We’ve been fighting over hillbilly elegies for a long time.
Amid the buzz and furor over Hillbilly Elegy, I watched Stranger with a Camera, a 2000 doc by Kentucky filmmaker Elizabeth Barret.
The Appodlachia podcast team, John Isner and Chuck Corra, published an anthology of books, movies and podcasts about Appalachia, and included the film, available for free here. (I’m grateful they also included our PBS movie about Moundsville, West Virginia.)
Stranger is an American treasure, and should be watched by every journalist, activist, politician, preacher, and professor. The movie is about our nightmare — Source Shoots Storyteller — and is a deep meditation on the charge of “poverty porn” leveled at Hillbilly Elegy (which I wrote about for America Magazine.)
In 1967, a Kentucky man named Hobart Ison murdered Hugh O’Connor, a Canadian filmmaker surfing a wave of journalists, documentarians and activists sweeping into Appalachia in the 1960s, spinning poor white people stories. These hillbilly elegists were inspired by a 1963 book, Night Comes to the Cumberlands, and by President Lyndon Johnson’s martial focus on the spectacle of Appalachian indigence.
The murder of O’Connor, recounted in Stranger with a Camera, is a shocking, and surprisingly rare, case in the history of journalism and documentary filmmaking, although violence is a reasonable fear when the president calls reporters enemies of the people. (I was worried when we premiered Moundsville in Moundsville.)
In Kentucky, it happened. Ison pulled the trigger. The case was famous. Calvin Trillin wrote about it in the New Yorker.
What makes Stranger with a Camera remarkable is that the filmmaker, Barret, is from near the scene of the crime in Kentucky. She tells the story while relentlessly questioning herself and viewers on the deeper questions surrounding this random act of violence: Who should tell the story of a poor community? If it’s an outsider, how should they tell it? What are every storyteller’s responsibilities? Barret herself had the experience of living in an area while seeing the “poverty pictures on TV”, movies like Appalachia: Rich Land, Poor People.
O’Connor was working on a movie called US that aimed to show the fragility of the American dream. Eastern Kentucky, one of the poorest regions in the entire country, attracted outside chroniclers. O’Connor and his crew were filming coal miners and their families. After stopping by a rental home in Jeremiah, KY, they were ambushed by the family’s landlord, Ison. He walked up and fired several shots with a .38-calibre Smith&Wesson, killing O’Connor. Ison’s family had owned the land since the 1890s. He was later sentenced to 10 years in prison, and released on parole after one.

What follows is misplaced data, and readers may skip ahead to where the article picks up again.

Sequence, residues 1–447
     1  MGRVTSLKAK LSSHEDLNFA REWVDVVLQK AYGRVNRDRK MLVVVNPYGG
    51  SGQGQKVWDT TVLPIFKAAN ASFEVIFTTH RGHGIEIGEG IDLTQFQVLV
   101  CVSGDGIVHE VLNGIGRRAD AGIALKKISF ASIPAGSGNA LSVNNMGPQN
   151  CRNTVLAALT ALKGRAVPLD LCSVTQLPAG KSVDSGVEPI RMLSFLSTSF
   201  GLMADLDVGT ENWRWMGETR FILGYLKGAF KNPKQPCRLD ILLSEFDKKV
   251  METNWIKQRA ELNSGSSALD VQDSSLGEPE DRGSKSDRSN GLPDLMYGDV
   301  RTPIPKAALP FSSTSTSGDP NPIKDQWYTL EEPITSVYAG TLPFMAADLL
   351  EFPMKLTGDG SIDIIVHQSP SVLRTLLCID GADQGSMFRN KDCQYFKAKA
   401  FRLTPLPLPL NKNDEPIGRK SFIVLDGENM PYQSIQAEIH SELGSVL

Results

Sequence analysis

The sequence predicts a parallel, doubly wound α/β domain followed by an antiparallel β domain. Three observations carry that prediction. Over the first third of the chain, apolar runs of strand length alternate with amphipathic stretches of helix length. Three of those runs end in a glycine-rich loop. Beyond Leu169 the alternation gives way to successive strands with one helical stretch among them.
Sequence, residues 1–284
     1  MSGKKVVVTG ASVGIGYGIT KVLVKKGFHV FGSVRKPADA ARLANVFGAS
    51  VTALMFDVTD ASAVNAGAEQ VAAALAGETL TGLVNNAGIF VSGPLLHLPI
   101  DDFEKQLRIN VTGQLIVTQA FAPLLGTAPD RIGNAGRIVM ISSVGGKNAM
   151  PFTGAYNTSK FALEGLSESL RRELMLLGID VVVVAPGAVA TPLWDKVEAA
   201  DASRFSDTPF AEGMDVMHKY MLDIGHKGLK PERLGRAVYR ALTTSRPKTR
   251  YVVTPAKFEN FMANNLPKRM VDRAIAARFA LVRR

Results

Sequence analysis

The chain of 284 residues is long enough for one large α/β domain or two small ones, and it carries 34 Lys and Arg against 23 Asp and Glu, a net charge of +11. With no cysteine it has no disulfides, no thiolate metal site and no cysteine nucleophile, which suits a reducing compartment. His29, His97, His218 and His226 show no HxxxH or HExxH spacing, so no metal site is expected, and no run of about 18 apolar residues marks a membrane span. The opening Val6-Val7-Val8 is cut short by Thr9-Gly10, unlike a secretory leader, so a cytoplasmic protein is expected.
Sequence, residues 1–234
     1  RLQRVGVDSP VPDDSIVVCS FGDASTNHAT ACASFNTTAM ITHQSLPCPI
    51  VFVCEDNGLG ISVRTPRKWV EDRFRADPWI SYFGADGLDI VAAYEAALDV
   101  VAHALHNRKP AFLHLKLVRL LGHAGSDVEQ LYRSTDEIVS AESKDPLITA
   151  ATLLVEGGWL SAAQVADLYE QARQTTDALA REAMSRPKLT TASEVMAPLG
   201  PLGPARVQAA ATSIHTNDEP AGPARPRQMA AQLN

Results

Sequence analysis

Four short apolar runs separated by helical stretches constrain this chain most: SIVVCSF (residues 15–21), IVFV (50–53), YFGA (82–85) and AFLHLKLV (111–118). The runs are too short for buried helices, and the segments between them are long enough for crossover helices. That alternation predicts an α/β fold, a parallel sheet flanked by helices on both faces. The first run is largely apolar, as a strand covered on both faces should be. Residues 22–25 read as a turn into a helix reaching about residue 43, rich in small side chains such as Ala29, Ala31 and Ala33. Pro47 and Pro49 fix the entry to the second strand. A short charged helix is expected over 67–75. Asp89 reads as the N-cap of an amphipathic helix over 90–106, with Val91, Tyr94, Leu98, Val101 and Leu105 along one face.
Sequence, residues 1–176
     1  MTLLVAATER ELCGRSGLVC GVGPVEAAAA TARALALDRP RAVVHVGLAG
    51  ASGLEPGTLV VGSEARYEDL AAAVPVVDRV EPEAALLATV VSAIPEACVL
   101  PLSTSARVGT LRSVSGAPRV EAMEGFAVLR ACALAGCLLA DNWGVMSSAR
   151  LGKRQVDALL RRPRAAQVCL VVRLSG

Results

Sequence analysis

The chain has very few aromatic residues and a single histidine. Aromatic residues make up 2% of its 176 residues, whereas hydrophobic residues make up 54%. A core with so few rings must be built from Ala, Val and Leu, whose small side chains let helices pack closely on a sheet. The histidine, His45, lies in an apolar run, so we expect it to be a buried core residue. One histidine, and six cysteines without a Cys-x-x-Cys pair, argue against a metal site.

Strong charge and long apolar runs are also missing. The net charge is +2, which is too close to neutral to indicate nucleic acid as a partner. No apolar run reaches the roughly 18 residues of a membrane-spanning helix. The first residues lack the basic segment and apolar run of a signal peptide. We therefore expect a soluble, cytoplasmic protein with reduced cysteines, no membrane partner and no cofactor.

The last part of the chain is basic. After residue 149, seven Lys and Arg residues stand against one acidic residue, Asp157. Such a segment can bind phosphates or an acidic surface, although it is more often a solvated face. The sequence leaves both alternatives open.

O’Connor, by all accounts, was an empathetic actor, experienced at traveling and interviewing people all over the world. “He was there for the underdog,” his daughter says. A good guy.
In her twin roles as storyteller and neighbor, Barret felt called to probe what had happened more deeply. “As a filmmaker, I felt that O’Connor’s death had something to teach me,” she says in her voiceover. “What can I learn from this story now that I have stood on both sides of the camera?”
There is another side. While Barret condemns the killing, she criticizes the exploitation. Some outsiders, she says, “mined the images the way the companies had mined the coal.” An army of pen and camera-wielding storytellers storming the hills were consistently heading straight for the most rundown places they could find. Poverty porn, a tradition dating back to slumming in 19th century New York. Barret felt insulted, she says, when filmmakers “focused only on the deprivation and didn’t look past it the lives that are the real wealth of the culture.”
What does this have to do with Hillbilly Elegy?
As the movie drops on Netflix this week, we’ve been on another frenetic ride into the story space of Appalachia, poor whites and so-called Trump country. The incoming administration of president-elect Joe Biden is drawing up strategies for reaching out to disaffected and disconnected America. There’s a Marshall Plan for Appalachia in the works.
Barret’s movie poses the right question at the right time: “What are the responsibilities of any of us who take the images of other people and put them to our own uses?” Hobart Ison was wrong to kill, she concludes, “but the filmmaker’s job is to be true to the experiences of both Hugh O’Connor and Hobart Ison, and in the end to trust that that is enough.”
John W. Miller